Rancho Santa Fe School students shine in writing class

On behalf of the English Language Arts team at R. Roger Rowe School, Darcy Gleisberg shared

the excerpts below with this newspaper from stand-out student pieces at the completion of the first units of study for sixth, seventh and eighth grade.

An excerpt from “1,829 Miles,” a fictional narrative by Audrey B., eighth graderIf you’ve ever been through the back woods in Milwaukee, you’d know what I’m talking about. Standing under those billowing clouds of ephemeral stars, bare as bones and white as the milk in a cereal bowl, just the spark of a flashlight might as well as been a wildfire. Milwaukee, Wisconsin, a mere 1,829 miles from Phoenix, Arizona. Milwaukee, Wisconsin, a mere 1,829 miles away from my home. It was like going from a blazing inferno of heat to a cold only matched by the glazed eyes of the deer perched as trophies over my father’s hunting shed, like watchdogs over his prized musket nuzzled in the lingering smell of gunpowder. That’s why we moved here, anyway: Daddy was a hunter. In his mind, however, he was a businessman, and that’s why he said we moved here to this ghost-town as empty as radio static, that worthless job.“I’m going to go there someday,” a voice broadcasted in a matter-of-fact manner over my father’s telescope, alert and fixated towards the dramatic sliver of a moon. “To the moon, I mean. What do you think it’s like up there? I bet it’s made of cheese, Dad said it was. Isn’t that right, Iris? Isn’t it made of cheese?”Gabriel. My five-year-old brother, Gabriel. The one with the deep, brown teddy bear eyes and a syrupy smile, who acts like the world never did him wrong. Oh, but it did, it took Mom. It took her in a car accident, and there we were, standing in the hospital corridors, waiting. She was fragile, like a broken china doll, and perched in her chair in a numb, emotionless state as she lived out her final hours in the creepily sterile room, flowers from her precious rose bed perched by her bedside in a pale, chipped vase. White walls, crimson roses, indigo tears. I felt my hands clench into white-knuckled fists, as if I was trying to hang onto something to stop me from falling, but I wasn’t falling, I was infuriated, plain old outraged that he was stupid even to still believe in such trivial things anymore, it was just beyond me.An excerpt from “Gone Forever,” a personal narrative by Seraphine B., sixth graderI was filled with cold fear. My mouth was dry and parched from calling my dog’s name. With a twinge of regret, I stumbled up the stairs. As I lay in bed, twenty, thirty, forty minutes passed before my eyes started feeling heavy. I looked out the window into the dark. The sound of crickets chirping comforted me. Somewhere, a frog croaked. A feeling of confidence lay over me like a warm feather blanket. Deanza would turn up in the morning, I was sure of it. But like a tiny needle pricking the back of my neck, a feeling of worry still remained. What if she didn’t come back? Please let her be okay, I prayed silently.“Seraphine. Seraphine, wake up. Deanza’s back, but — ” I didn’t even let my mom finish her sentence. I threw my blankets back and bounded down the stairs, not even bothering to put my contacts in. I yanked open the back door and ran to Deanza’s kennel.“Deanza! You’re-” I stopped short. What used to be my beautiful dog now lay in front of me, motionless. Scratches ran here and there along her back and sides. But what really filled me with sadness was her face. Half of it was torn away, taking her right eye with it. I gasped and turned away. I wanted to run back to my room, bury my face in my pillow and go to sleep, make this all a dream, nothing but a horrible dream.Instead, I forced myself to look at my dog. I’d thought she was dead, but really her left eye was open and she was breathing. Maybe she had a chance! “It’s okay, my little puppy, you’ll be fine,” I said in a soothing voice. Deanza lifted her head and whined softly. As if that action had sucked all the energy out of her, she lay her head back down and sighed deeply.“First Snow,” a poem by Sawyer S., seventh graderI could feel the coldair around me,wrapping me up as if Iwere a Christmas present.I watched Mother Natureprove her powers.Those white little flakesfalling from the skymelting into the floor.I remember his look,his face,my body going numb.I remember the laughs, the cries,the tears rolling down my face.I remember the warmth, the comfort,the sorrow taking over me.I can hear the gunshotsfrom far over the ocean.I can hear the bombsdropping on the innocent,who just want to help.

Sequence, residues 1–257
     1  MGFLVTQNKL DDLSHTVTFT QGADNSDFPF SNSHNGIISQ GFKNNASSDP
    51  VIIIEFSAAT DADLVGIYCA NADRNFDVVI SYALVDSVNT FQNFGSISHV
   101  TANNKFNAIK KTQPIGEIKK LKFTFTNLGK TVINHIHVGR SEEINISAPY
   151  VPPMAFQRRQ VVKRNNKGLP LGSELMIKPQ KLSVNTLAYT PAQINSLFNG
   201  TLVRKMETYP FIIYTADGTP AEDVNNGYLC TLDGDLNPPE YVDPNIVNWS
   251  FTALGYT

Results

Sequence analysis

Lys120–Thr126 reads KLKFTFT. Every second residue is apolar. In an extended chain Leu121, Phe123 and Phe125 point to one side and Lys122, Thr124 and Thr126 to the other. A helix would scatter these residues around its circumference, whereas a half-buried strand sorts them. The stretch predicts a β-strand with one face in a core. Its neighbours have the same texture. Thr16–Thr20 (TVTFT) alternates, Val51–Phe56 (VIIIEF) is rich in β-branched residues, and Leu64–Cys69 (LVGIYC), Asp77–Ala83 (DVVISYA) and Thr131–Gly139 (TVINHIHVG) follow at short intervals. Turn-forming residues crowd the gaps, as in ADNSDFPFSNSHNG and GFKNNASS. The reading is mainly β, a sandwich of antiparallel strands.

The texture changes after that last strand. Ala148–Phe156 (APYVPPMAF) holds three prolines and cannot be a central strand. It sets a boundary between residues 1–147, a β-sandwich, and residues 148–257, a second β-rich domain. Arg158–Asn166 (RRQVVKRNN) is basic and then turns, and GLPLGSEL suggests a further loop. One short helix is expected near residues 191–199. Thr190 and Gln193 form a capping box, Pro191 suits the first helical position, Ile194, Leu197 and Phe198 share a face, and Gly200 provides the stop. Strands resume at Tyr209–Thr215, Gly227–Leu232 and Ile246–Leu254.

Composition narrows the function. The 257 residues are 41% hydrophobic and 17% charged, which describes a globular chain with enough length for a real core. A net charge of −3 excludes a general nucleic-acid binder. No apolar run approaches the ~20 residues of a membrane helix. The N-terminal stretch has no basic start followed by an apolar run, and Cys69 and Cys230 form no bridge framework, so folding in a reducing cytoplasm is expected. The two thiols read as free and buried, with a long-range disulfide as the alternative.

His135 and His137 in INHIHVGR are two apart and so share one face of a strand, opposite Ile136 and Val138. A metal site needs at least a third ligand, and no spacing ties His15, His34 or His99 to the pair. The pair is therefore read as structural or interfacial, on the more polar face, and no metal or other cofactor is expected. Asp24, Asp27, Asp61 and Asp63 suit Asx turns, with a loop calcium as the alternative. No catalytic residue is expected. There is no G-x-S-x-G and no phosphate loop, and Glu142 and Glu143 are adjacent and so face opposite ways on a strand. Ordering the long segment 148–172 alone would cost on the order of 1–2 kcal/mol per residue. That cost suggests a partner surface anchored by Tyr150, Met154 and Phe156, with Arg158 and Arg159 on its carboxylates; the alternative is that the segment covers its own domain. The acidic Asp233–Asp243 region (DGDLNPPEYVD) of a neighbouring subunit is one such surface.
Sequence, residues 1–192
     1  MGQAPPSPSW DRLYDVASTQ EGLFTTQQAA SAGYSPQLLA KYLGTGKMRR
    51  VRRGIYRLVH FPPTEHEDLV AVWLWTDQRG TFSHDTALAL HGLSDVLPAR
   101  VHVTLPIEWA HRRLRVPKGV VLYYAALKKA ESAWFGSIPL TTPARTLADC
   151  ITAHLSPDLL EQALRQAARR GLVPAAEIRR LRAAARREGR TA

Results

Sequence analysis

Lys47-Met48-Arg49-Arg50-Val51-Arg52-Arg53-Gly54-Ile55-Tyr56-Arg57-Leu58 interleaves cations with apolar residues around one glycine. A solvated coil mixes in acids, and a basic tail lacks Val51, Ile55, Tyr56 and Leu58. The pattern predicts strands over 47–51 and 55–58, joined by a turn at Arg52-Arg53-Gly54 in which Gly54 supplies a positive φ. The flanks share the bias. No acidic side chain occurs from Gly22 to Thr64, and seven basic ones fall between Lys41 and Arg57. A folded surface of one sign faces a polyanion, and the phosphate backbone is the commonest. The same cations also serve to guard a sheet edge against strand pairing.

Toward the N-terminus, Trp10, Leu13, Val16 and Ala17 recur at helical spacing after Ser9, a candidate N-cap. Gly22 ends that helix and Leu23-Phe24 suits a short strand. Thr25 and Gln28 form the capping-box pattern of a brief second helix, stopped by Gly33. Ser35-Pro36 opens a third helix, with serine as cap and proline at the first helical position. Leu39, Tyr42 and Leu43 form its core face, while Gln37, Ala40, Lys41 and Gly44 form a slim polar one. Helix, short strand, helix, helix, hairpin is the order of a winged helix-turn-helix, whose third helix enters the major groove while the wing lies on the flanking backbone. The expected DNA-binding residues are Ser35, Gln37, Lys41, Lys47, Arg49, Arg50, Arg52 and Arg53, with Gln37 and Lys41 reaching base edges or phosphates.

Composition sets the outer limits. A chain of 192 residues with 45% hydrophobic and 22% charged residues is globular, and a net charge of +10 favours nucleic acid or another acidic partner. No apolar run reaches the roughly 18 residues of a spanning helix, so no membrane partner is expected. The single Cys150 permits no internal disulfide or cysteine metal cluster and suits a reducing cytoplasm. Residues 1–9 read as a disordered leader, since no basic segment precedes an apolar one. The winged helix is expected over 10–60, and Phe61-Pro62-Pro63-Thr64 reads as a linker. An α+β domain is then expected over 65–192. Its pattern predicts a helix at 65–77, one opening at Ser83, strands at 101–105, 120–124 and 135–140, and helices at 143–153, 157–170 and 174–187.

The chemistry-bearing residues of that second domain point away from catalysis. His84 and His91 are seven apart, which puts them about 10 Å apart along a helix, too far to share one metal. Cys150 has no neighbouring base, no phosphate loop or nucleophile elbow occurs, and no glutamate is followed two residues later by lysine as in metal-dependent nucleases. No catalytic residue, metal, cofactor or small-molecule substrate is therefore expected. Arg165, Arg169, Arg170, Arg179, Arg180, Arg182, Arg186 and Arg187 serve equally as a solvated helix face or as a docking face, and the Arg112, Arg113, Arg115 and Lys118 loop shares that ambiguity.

I can hear the moans

and the cries of the wounded

on the floor.

I want him here,

I want him home,

safe from all the danger.

Inside our comfy home,

warm and snug.

I want him by my side

watching the first

snow fall.

I need him here with his

new baby girl who

he may never meet.

I want him here to

watch her grow

and to become something


I want him home right now

right beside me...